The drive to WT, investment for students’ futures

Commuter students from the surrounding area often take exit 110 on their daily drive to campus.
Commuter students from the surrounding area often take exit 110 on their daily drive to campus.

She sets aside an hour each morning to take care of herself. She showers, gets ready for the long day ahead, loads up the car and then has breakfast. All of these daily activities start at 4:30 a.m. By 5:45, her motherly duties start as she wakes up her two-year-old daughter. As a mother in a young family and senior Advertising/Public Relations major, Laura Dangerfield embraces the life of a commuter student.
The Dangerfield family travels from Pampa, Texas four days each week for classes. Both Laura and her husband are current students at West Texas A&M University.
“On Mondays and Wednesdays my husband has classes so he rides with us,” Dangerfield said. “We get to campus around 7:30 a.m. so we can drop our daughter off at daycare. Then we find parking, which is usually pretty easy at that time.”
Travis, Laura’s husband, attends class once a week on Monday nights, which makes their commute back home a late one.
“We don’t leave campus until 9:30 p.m., and that puts us getting home around 11,” Dangerfield said. “When we get home I have to get our daughter to bed and all our backpacks ready for the next day.”
The Dangerfields have had to adapt to multiple schedules over the past few semesters, including their daughter’s. For both mommy and daddy to attend classes, they had to figure childcare into the mix. Last spring, their childcare facility was in Pampa, and they had to make multiple trips back and forth to accommodate pick-up times and night classes.
“I put a lot of miles on my car with all of that,” Dangerfield said. “It would be nice if I could get my class schedule down to two days a week, but every semester I end up having to drive over Monday through Thursday.”
Dangerfield doesn’t let the long drives and hectic school schedule get to her. She makes time to be active in university organizations and attends weekly meetings with the Ad/PR Society and the National Broadcasting Society. Besides these two organizations, Dangerfield plans on traveling to South Korea in the summer as part of a study abroad trip with the Mass Communication Program.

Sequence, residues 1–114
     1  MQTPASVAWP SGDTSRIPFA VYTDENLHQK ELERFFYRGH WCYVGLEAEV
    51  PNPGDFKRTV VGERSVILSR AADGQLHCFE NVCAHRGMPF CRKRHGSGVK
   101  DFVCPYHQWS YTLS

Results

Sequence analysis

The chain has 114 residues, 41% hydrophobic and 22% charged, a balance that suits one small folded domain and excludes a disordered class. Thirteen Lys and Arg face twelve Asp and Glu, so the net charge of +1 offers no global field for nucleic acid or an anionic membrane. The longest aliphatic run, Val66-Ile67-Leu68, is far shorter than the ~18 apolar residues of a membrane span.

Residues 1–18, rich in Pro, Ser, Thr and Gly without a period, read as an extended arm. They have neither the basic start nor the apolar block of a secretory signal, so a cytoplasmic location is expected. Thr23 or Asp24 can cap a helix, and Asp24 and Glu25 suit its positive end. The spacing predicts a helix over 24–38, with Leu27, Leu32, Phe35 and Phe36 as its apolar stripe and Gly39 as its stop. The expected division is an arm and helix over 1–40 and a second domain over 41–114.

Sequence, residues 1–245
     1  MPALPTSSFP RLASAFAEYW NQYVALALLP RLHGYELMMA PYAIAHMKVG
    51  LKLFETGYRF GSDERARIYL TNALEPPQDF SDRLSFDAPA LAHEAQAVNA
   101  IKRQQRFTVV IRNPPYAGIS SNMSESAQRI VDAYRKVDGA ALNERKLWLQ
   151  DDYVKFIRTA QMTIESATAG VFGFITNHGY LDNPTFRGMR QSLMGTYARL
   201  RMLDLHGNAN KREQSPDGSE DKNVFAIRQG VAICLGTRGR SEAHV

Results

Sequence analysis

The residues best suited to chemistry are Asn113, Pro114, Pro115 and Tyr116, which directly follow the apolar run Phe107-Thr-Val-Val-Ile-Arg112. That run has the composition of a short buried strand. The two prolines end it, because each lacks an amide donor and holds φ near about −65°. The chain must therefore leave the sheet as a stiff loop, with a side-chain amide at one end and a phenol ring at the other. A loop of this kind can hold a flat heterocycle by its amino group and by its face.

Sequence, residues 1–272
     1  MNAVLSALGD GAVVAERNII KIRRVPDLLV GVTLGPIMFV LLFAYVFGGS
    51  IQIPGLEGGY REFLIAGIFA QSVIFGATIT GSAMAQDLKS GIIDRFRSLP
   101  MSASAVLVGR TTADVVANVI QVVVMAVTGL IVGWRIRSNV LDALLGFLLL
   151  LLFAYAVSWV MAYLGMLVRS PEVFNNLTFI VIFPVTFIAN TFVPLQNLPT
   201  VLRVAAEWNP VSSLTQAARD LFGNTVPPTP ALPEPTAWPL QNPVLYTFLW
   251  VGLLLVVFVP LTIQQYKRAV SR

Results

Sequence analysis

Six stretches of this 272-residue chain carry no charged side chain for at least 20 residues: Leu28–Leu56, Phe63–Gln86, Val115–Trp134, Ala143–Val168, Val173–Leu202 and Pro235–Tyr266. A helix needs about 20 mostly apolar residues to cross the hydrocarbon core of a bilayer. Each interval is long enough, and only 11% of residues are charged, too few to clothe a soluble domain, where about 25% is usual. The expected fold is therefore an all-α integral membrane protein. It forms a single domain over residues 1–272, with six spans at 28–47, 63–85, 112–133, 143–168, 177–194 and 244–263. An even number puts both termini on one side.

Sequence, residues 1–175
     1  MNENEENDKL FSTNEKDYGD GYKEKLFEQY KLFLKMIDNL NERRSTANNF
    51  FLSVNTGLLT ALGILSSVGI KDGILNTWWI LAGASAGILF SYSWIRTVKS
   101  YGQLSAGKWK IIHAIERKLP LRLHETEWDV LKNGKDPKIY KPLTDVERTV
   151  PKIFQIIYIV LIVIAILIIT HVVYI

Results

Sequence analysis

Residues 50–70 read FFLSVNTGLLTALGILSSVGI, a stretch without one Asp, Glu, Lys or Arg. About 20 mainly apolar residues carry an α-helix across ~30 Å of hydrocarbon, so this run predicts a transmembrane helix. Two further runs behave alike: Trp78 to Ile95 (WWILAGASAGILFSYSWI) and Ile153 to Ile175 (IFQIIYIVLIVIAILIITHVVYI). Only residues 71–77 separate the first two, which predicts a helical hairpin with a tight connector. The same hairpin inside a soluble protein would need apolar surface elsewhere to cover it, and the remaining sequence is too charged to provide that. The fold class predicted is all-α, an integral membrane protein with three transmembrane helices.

But the Dangerfields are not the only students that commute to campus.
“Traditionally, commuters are students who don’t live on campus or here in Canyon,” Jarvis Hampton, Director of Institutional Research, said. “Commuters make up about 65% of our population this fall.”
The Office of Institutional Research primarily deals with enrolled students and bases this statistic off of students currently enrolled.
“We’re expecting the number of commuting students enrolled to rise in the future,” Jarvis said.
One city that sends commuter students to WT is Amarillo. WT is a local university to many students and brings the close to home feeling to the community while allowing for some students to live at home. Jackie Phommahaxay, current Amarillo resident and commuter, is one of those students. Though she doesn’t juggle a family like Dangerfield, she still has to figure in a work schedule when commuting to campus.
“I just come to school and then after I go to work,” Phommahaxay said. “I work part-time but it’s about 28 hours a week and then I go full-time at school. My family is in Amarillo and my job is in Amarillo, so I think it’s just easier to live there.”
There are many qualities that bring commuter students to WT besides location, price being one of them. The WT website offers a breakdown for tuition costs for incoming freshmen. According to the website and to The College Board’s “Annual Survey of College,” tuition for U.S. students attending WT is $7,629 and $8,244 for students attending a public university in their home state.
“I’ve always wanted to go far away, but I’ve had a lot of friends who came here and are doing cool things now,” Phommahaxay said. “I always thought of WT as a downgrade, but it really isn’t. The professors know a lot of people, and that was really surprising to me.”
The university states on its website, “Recognizing a sizable proportion of our students are commuter and/or non-traditional students, the University offers a wide range of student support services for part-time and non-traditional students in addition to being a residential campus. While traditional course delivery systems are the predominate means of offering classes and programs, WTAMU is committed to offering on-line programs and on-line courses.”
This accommodation is often appealing for prospective students, and though commuting can often take an hour and a half, some consider the drive worth it.
“I really don’t mind driving back and forth,” Dangerfield said. “I consider it my investment in my education  and my family’s future.”